Computers that are more than five years old have likely been fully depreciated, and in addition may not have the RAM memory, processor speed and hard drive capacity to keep pace with the demands of today’s software. If you plan to upgrade the operating systems of older computers, this is a logical time to upgrade the computers as well. At Drake, we prefer Dell products for their excellent customer support and breadth of product lines. But there are many bargains to be had at this time of year, with one major caveat: don’t take the lowest cost computers from the discount merchants or the big-box stores. Shop for processing speed, RAM memory and hard drive capacity – not just price. Then invest in additional RAM memory (8 GB is considered reasonable for a single computer, 4 GB minimum).
4. Backup in the Cloud
By now, the chances are good that at least some percentage of your tax and accounting software resides on a cloud-based, online platform. If not, it certainly will be in the next year or two. Consider making the additional move to store, archive and backup the firm’s critical data in a cloud-based server. There are three benefits to doing so:
• Backup to the cloud costs less. The whole system can be automated, at a very low cost, saving on staff time and the cost of backup media.
• Backup to the cloud is more secure. If you use Drake Hosted this coming season, we provide automatic storage and backup of your data in a secure facility with redundant backup.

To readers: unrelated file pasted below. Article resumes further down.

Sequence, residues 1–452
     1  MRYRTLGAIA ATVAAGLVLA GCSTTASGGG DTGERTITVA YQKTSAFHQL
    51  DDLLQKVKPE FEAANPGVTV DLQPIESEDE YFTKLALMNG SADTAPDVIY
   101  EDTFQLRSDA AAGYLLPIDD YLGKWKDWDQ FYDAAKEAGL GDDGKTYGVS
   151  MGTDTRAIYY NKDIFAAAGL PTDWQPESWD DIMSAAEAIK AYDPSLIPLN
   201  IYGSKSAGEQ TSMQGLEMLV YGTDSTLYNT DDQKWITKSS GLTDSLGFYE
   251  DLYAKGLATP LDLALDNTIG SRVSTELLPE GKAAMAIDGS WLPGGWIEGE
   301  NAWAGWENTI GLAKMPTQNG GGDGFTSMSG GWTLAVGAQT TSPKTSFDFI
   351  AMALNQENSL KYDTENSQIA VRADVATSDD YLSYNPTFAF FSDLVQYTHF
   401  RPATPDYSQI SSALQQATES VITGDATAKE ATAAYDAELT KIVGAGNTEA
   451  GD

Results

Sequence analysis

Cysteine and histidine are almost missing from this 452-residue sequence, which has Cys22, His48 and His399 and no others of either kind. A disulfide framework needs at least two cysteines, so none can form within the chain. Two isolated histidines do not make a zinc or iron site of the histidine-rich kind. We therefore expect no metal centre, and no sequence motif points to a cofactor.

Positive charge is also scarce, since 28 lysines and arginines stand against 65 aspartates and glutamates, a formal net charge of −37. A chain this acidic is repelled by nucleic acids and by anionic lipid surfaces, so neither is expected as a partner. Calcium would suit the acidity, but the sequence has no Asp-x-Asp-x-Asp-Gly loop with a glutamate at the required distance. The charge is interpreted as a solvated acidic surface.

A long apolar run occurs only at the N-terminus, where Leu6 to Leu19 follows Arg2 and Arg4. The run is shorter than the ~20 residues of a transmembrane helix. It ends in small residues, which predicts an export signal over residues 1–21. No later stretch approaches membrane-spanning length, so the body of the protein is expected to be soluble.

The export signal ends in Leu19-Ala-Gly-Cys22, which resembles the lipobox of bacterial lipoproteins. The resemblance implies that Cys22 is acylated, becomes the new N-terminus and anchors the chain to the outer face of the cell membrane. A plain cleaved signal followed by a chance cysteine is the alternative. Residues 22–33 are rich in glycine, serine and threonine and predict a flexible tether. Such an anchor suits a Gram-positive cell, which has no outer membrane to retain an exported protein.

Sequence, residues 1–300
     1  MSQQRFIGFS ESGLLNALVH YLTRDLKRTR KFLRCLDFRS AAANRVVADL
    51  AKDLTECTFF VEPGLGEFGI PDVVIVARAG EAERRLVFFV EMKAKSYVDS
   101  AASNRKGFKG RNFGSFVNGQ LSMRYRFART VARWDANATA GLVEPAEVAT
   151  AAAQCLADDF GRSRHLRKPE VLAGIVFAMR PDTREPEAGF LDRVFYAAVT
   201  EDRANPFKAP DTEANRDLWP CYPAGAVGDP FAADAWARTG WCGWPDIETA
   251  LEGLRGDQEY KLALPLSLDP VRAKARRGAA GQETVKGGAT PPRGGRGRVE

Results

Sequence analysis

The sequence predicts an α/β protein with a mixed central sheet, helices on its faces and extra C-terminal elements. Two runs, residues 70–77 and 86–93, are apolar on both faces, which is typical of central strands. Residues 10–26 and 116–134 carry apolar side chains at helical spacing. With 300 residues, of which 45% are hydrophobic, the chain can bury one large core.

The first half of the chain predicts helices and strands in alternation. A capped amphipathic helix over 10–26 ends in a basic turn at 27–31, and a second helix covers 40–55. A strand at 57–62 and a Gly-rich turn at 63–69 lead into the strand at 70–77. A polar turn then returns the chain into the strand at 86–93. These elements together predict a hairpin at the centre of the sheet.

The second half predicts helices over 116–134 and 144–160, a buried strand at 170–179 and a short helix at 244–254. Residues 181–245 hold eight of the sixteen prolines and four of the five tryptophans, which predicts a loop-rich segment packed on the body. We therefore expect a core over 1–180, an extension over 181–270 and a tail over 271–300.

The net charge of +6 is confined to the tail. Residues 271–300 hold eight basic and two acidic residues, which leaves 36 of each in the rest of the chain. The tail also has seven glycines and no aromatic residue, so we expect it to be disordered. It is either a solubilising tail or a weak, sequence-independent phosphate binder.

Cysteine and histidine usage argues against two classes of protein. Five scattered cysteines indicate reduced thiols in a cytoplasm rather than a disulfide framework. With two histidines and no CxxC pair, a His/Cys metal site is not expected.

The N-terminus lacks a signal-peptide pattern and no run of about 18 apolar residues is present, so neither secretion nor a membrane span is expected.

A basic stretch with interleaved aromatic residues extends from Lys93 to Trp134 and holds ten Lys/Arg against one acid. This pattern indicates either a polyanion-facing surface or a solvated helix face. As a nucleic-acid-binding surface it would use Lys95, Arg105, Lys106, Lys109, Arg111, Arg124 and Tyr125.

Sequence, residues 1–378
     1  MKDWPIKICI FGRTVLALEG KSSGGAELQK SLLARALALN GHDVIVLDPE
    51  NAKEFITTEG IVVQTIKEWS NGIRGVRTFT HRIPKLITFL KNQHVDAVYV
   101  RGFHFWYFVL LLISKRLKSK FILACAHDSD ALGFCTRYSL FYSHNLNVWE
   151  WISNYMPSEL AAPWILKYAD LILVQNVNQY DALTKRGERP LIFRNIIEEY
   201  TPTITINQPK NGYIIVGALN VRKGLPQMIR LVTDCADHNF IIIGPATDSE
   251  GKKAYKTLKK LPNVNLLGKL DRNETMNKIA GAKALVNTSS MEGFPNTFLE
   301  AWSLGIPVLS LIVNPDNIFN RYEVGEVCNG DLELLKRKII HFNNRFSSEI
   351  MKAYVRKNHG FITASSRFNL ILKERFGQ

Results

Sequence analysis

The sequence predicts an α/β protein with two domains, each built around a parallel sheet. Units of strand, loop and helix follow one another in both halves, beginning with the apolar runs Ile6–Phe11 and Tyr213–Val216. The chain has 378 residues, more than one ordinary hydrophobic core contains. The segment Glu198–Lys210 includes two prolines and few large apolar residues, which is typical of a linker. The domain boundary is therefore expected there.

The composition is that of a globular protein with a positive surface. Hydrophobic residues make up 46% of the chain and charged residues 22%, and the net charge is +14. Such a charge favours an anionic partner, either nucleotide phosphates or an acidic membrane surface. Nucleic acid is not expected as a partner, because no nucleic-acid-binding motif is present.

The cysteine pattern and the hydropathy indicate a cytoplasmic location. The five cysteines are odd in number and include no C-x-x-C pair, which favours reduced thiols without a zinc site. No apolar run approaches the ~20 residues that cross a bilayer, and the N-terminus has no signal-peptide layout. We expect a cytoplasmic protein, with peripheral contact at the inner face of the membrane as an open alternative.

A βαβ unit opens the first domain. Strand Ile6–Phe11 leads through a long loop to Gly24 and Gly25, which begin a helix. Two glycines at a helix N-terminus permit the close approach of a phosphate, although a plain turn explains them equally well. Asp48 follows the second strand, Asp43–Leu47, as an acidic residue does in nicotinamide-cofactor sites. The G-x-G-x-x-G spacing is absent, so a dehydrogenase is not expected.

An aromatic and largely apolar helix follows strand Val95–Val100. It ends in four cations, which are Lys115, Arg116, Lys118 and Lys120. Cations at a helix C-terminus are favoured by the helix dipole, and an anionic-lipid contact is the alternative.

• Storage is off-site. From Hurricanes Katrina to Sandy, we have learned the steep price some firms pay for failing to back up their data off-site. The reality is that most companies that do not store their data securely off-site never fully recover from a major disaster.
5. Revisit Network Security
This is different from the investment in security hardware and software, and applies to the transition from Ethernet-based office networks to wireless networks. Ethernet networks require wires through walls and ceilings, with wall plates in which to plug in each computer. Wireless networks allow expansion without dragging expensive cables through walls, and permit the easy addition of peripherals such as printers and scanners. But these wireless networks come with their own requirements for security, and must be configured properly. This is something that the firm may not have the expertise to accomplish without outside assistance, but it is critical. Here are the minimum security requirements for a wireless network in a tax or accounting office:
• Change default passwords on all routing equipment
• Utilize complex secure passwords – each password should include at least one lower-case character, one upper-case character, one number and one “special” character.
• Configure strong WPA(2)/WEP Encryption
• Change the default SSID on the access point
• Use static IP addressing for nodes
• Enable and utilize MAC Address filtering
• Enable firewalls on computers and routers
• Keep the operating system patched with current updates
6. Upgrade the Office Printers
In every instance, we recommend laser printers over the older ink-jet technology, since the latter has reached the point where the cost of replacement cartridges is often higher than the cost of the printer itself. Upgrade to laser printers that have Wi-Fi capabilities, so that they can be shared over a wireless network within the office. Accounting firms should also consider an upgrade to color laser printers for client presentation materials. The cost of these has also dropped to a level equal to or lower than inkjet printers.
7. Upgrade the Office Scanners